Wyoming woman convicted in kidnapping eligible for parole in 2025

Darla Rouse, 45. (Cowboy State Daily)

By Jennifer Kocher, Cowboy State Daily
(this story originally appeared on Cowboy State Daily)

A woman who has spent more than half her life in prison for her role in the kidnapping of an elderly couple near Gillette will be eligible for parole in 2025 after having her sentence commuted by Gov. Mark Gordon.

Darla Rouse, 45, has spent 25 years in prison on a sentence of 53 years to life handed down in her conviction on four charges filed in connection with the 1996 kidnapping.

Gov. Mark Gordon in December commuted Rouse’s sentence, shaving at least 13 years off of her term and making her eligible for parole in April 2025, according to Paul Martin, deputy administrator for the Wyoming Department of Corrections.

If paroled, Martin said Rouse will remain on parole for life.

Rouse, then 19, and her boyfriend James “Jay” Boule, fled Texas in 1996 after Boule broke out of jail.

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The couple was on the lam for a few days before they ran out of money. At a rest stop just outside of Gillette, the couple kidnapped 64-year-old Jerry and 69-year-old Rose Rockne, taking their pickup truck and fifth-wheel camper and tying the couple to chairs in the back of the fifth-wheel.

After a brief stop in Buffalo, Rose Rockne was able to free her hands and hurl herself out of the camper into the street.

Law enforcement officers pursued the fleeing couple and they were eventually arrested on Interstate 90.

Rouse was tried in Campbell County Sixth Judicial Court before Judge Dan Price II on Dec. 16, 1996 and was sentenced to four terms varying in length from five to 30 years for a total of 53 years to life.

Rouse’s appeal to the Wyoming Supreme Court in 1998 to have her sentence reduced was rejected. Twice during his tenure, former Gov. Matt Mead. a former federal prosecutor, also refused to sign a request for commutation for Rouse, which is the only way that a sentence can be reduced in Wyoming.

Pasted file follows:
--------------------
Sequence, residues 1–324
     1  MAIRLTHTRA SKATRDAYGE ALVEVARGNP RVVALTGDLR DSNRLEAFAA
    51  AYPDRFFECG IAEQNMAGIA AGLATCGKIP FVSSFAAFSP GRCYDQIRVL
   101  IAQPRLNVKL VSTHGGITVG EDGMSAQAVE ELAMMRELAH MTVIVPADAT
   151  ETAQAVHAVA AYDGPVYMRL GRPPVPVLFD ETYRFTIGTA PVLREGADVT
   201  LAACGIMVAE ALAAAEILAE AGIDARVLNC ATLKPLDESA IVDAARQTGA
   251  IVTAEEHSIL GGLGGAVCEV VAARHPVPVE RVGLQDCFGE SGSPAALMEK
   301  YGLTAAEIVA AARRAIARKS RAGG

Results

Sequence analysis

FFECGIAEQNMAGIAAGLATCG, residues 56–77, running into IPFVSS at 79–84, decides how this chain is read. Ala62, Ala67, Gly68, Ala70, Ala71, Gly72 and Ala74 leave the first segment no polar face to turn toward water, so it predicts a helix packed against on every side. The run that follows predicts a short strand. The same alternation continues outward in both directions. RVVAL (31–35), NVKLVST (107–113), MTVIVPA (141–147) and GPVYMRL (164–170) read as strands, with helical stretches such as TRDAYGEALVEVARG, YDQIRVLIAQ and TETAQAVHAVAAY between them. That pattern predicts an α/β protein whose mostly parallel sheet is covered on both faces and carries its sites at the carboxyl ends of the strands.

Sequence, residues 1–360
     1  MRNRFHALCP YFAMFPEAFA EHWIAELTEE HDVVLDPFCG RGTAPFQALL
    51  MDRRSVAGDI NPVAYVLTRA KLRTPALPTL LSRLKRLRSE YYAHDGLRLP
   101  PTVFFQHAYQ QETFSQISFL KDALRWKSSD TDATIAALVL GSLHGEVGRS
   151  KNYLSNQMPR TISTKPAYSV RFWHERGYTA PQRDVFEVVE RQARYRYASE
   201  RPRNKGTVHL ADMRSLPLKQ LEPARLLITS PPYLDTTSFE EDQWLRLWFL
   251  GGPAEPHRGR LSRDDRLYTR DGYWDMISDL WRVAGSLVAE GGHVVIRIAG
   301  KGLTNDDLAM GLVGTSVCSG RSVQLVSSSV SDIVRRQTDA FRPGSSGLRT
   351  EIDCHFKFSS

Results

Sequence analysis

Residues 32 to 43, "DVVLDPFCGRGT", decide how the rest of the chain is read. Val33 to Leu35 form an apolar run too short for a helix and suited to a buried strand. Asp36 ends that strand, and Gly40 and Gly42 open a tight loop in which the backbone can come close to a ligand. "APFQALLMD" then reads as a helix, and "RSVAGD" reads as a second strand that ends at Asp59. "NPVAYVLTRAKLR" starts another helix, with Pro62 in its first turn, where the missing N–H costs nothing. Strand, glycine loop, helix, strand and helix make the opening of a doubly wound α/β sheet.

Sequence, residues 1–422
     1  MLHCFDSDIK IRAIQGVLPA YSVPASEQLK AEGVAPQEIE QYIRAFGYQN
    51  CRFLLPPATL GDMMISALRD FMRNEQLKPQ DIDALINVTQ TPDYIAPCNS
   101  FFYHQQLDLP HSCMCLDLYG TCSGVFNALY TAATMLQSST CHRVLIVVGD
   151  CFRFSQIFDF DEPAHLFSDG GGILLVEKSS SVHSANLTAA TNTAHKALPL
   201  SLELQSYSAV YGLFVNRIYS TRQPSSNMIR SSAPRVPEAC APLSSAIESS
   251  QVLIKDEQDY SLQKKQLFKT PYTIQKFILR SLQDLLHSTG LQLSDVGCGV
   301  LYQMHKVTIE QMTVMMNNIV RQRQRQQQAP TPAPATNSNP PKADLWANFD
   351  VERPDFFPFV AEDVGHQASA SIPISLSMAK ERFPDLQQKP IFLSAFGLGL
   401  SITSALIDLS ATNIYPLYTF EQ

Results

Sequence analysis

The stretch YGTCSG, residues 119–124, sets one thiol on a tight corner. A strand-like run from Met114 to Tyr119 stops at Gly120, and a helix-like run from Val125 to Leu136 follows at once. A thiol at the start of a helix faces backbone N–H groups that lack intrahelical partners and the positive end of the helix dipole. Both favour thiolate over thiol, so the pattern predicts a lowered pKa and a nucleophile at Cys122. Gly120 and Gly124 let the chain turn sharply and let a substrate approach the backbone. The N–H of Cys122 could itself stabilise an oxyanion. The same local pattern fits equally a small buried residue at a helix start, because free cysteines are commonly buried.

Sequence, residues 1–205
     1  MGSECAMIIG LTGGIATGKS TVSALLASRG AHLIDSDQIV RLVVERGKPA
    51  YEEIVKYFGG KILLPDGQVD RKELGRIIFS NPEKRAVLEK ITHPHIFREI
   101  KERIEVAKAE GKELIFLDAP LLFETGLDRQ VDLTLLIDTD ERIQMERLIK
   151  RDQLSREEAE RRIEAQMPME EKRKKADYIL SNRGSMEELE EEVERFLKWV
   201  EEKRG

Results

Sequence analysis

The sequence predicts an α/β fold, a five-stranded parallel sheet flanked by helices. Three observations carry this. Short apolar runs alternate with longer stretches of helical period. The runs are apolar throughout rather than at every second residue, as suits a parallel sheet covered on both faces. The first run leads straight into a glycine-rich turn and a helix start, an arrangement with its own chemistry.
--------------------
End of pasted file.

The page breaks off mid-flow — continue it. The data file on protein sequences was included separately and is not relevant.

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Later, Price would regret the length of the sentence and start intervening on Rouse’s behalf. Beginning in 2007, he wrote multiple letters to the Wyoming Board of Parole in Rouse’s defense.

Over the years, the parole board has voted several times that Rouse be released from prison due to her lack of infractions while at inmate at the Wyoming Women’s Center in Lusk, as well as her repeated letters of remorse to both the family and parole board.

During her 24-plus years in prison, Rouse has volunteered to conduct prison tours, worked with K-9 officers, achieved several personal fitness and exercise degrees, lead fitness classes for other inmates and attended college online. She’s had one infraction during her time in prison for using the kitchen without permission.

Gordon made the final decision on the commutation last Tuesday, issuing one for Rouse and one other person. They were among six commutations presented for the governor’s consideration and the first he has granted.

The governor’s communication Director Michael Pearlman told Cowboy State Daily that Rouse’s commutation was approved based on a variety of factors including the fact the Rockne family no longer opposes her release, Rouse’s remorse for her crime, her disciplinary record while incarcerated and her rehabilitative programming and other work while incarcerated.

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